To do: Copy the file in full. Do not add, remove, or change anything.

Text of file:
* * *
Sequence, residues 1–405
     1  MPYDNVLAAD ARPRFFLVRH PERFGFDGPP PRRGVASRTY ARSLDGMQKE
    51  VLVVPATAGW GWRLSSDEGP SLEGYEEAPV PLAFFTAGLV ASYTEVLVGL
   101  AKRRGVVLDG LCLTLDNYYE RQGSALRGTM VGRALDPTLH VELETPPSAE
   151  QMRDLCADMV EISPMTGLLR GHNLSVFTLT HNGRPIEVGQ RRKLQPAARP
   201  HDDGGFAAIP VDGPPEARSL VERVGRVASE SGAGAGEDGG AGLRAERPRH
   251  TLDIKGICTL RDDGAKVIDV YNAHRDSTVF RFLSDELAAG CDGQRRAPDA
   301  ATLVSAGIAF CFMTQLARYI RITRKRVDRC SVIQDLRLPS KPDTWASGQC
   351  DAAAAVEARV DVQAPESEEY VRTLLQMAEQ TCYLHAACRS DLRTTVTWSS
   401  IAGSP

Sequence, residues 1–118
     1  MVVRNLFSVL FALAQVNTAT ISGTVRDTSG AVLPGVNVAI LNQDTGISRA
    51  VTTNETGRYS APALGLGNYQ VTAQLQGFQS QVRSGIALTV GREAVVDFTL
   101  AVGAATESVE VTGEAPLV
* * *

Sequence, residues 1–405
     1  MPYDNVLAAD ARPRFFLVRH PERFGFDGPP PRRGVASRTY ARSLDGMQKE
    51  VLVVPATAGW GWRLSSDEGP SLEGYEEAPV PLAFFTAGLV ASYTEVLVGL
   101  AKRRGVVLDG LCLTLDNYYE RQGSALRGTM VGRALDPTLH VELETPPSAE
   151  QMRDLCADMV EISPMTGLLR GHNLSVFTLT HNGRPIEVGQ RRKLQPAARP
   201  HDDGGFAAIP VDGPPEARSL VERVGRVASE SGAGAGEDGG AGLRAERPRH
   251  TLDIKGICTL RDDGAKVIDV YNAHRDSTVF RFLSDELAAG CDGQRRAPDA
   301  ATLVSAGIAF CFMTQLARYI RITRKRVDRC SVIQDLRLPS KPDTWASGQC
   351  DAAAAVEARV DVQAPESEEY VRTLLQMAEQ TCYLHAACRS DLRTTVTWSS
   401  IAGSP

Sequence, residues 1–118
     1  MVVRNLFSVL FALAQVNTAT ISGTVRDTSG AVLPGVNVAI LNQDTGISRA
    51  VTTNETGRYS APALGLGNYQ VTAQLQGFQS QVRSGIALTV GREAVVDFTL
   101  AVGAATESVE VTGEAPLV